Man Makes His Own Rubber (Feb, 1938)

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Man Makes His Own Rubber

THE diversified chemical manufacturing industry of America is finding a way to make this country free from dependence on foreign sources for an increasing number of vital raw materials. Only a few years ago, America depended on the nitrate beds of Chile for fertilizers and raw materials for industry. Today, it makes its own nitrates from the air.

Camphor was from time immemorial a natural monopoly of the Far East. Today, America makes its own synthetic camphor for medicine and the needs of industry. A large and increasing number of medicinaland other compounds, formerly imported, are now being produced here. And now rubber may be added to this list of essential raw materials.

Rubber is a vital element in our life. It is used not only for tires but for thousands of other products that are essential to our industrial civilization. More than ninety-nine per cent of the world’s rubber is grown in the tropics. Many attempts have been made to grow substitutes for rubber in the United States, but none has ever succeeded.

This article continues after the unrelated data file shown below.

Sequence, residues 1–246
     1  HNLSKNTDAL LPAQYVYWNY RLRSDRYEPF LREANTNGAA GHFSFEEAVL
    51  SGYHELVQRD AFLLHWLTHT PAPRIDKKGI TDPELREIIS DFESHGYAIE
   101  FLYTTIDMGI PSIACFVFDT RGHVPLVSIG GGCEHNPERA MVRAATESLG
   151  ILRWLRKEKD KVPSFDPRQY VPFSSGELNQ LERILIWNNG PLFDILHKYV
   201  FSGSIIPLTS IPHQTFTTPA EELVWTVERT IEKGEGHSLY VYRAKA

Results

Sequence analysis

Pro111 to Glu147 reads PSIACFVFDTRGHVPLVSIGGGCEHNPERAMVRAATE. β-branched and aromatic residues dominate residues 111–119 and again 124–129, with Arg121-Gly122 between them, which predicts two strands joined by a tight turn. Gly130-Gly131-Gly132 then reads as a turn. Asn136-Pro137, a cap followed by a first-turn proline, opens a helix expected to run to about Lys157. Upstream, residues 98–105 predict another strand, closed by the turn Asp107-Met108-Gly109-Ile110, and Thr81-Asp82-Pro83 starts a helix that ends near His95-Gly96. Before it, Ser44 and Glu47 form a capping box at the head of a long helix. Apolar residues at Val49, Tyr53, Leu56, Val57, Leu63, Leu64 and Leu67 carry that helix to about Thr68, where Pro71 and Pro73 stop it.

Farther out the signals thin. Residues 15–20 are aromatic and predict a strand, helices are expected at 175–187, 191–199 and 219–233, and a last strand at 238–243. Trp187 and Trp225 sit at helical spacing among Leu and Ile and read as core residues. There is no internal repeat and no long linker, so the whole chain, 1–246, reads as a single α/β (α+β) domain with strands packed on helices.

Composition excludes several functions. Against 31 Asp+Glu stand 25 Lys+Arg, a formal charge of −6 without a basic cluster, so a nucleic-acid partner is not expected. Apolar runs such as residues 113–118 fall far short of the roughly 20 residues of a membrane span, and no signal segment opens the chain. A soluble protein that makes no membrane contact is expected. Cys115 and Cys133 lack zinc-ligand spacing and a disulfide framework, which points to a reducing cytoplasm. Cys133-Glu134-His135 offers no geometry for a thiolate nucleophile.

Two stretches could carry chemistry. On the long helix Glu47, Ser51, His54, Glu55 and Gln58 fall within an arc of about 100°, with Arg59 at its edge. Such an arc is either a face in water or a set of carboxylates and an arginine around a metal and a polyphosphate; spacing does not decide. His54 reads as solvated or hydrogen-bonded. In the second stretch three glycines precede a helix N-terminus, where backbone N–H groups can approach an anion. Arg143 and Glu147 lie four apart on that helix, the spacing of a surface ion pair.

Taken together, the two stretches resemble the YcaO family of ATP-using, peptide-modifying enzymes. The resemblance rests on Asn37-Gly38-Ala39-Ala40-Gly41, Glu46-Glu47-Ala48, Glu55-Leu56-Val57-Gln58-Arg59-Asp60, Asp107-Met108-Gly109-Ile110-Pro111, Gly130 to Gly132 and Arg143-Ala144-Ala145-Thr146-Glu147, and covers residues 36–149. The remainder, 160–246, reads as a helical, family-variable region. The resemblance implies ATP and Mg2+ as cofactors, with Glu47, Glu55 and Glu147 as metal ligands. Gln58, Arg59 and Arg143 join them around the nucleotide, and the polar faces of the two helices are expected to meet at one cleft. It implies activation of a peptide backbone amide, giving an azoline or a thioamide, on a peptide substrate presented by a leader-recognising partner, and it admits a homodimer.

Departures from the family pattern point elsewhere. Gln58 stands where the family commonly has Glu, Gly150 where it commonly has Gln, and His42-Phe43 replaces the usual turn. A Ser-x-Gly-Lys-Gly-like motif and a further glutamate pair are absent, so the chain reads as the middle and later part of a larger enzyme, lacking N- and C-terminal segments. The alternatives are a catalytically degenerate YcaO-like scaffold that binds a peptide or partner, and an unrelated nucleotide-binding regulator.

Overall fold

Millions of American dollars, British pounds, and German marks have been expended during the past fifty years in anattempt to produce a synthetic rubber; that is, a product identical with natural rubber made by chemical means, preferably fromraw materials that are freely available in these industrial countries. All of these efforts to produce a true synthetic rubber have met with failure. Germany, duringthe World War, did produce a synthetic product that was used as a substitute for rubber, but it was a very poor imitation of the natural product and consequently its production was dropped as soon as the war ended in 1918.